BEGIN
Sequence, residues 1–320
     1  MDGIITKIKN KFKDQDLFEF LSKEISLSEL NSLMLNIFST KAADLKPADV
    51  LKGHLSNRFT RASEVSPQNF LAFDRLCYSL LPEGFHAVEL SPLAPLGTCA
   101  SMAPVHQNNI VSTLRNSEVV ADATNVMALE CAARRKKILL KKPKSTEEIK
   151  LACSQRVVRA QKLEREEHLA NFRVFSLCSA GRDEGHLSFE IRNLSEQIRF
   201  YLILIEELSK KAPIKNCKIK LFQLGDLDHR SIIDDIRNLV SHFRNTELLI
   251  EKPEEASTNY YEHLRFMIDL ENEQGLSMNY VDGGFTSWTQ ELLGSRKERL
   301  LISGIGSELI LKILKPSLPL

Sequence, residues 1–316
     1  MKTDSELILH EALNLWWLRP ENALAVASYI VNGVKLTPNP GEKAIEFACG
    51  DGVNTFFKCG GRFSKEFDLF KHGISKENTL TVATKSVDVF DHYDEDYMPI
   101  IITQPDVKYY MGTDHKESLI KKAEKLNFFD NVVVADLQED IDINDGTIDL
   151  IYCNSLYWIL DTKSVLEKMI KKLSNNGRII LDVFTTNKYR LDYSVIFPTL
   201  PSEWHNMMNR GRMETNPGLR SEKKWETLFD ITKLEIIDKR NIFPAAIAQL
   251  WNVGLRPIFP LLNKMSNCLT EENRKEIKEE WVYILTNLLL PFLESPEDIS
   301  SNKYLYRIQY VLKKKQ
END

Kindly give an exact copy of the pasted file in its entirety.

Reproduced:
Sequence, residues 1–320
     1  MDGIITKIKN KFKDQDLFEF LSKEISLSEL NSLMLNIFST KAADLKPADV
    51  LKGHLSNRFT RASEVSPQNF LAFDRLCYSL LPEGFHAVEL SPLAPLGTCA
   101  SMAPVHQNNI VSTLRNSEVV ADATNVMALE CAARRKKILL KKPKSTEEIK
   151  LACSQRVVRA QKLEREEHLA NFRVFSLCSA GRDEGHLSFE IRNLSEQIRF
   201  YLILIEELSK KAPIKNCKIK LFQLGDLDHR SIIDDIRNLV SHFRNTELLI
   251  EKPEEASTNY YEHLRFMIDL ENEQGLSMNY VDGGFTSWTQ ELLGSRKERL
   301  LISGIGSELI LKILKPSLPL

Sequence, residues 1–316
     1  MKTDSELILH EALNLWWLRP ENALAVASYI VNGVKLTPNP GEKAIEFACG
    51  DGVNTFFKCG GRFSKEFDLF KHGISKENTL TVATKSVDVF DHYDEDYMPI
   101  IITQPDVKYY MGTDHKESLI KKAEKLNFFD NVVVADLQED IDINDGTIDL
   151  IYCNSLYWIL DTKSVLEKMI KKLSNNGRII LDVFTTNKYR LDYSVIFPTL
   201  PSEWHNMMNR GRMETNPGLR SEKKWETLFD ITKLEIIDKR NIFPAAIAQL
   251  WNVGLRPIFP LLNKMSNCLT EENRKEIKEE WVYILTNLLL PFLESPEDIS
   301  SNKYLYRIQY VLKKKQ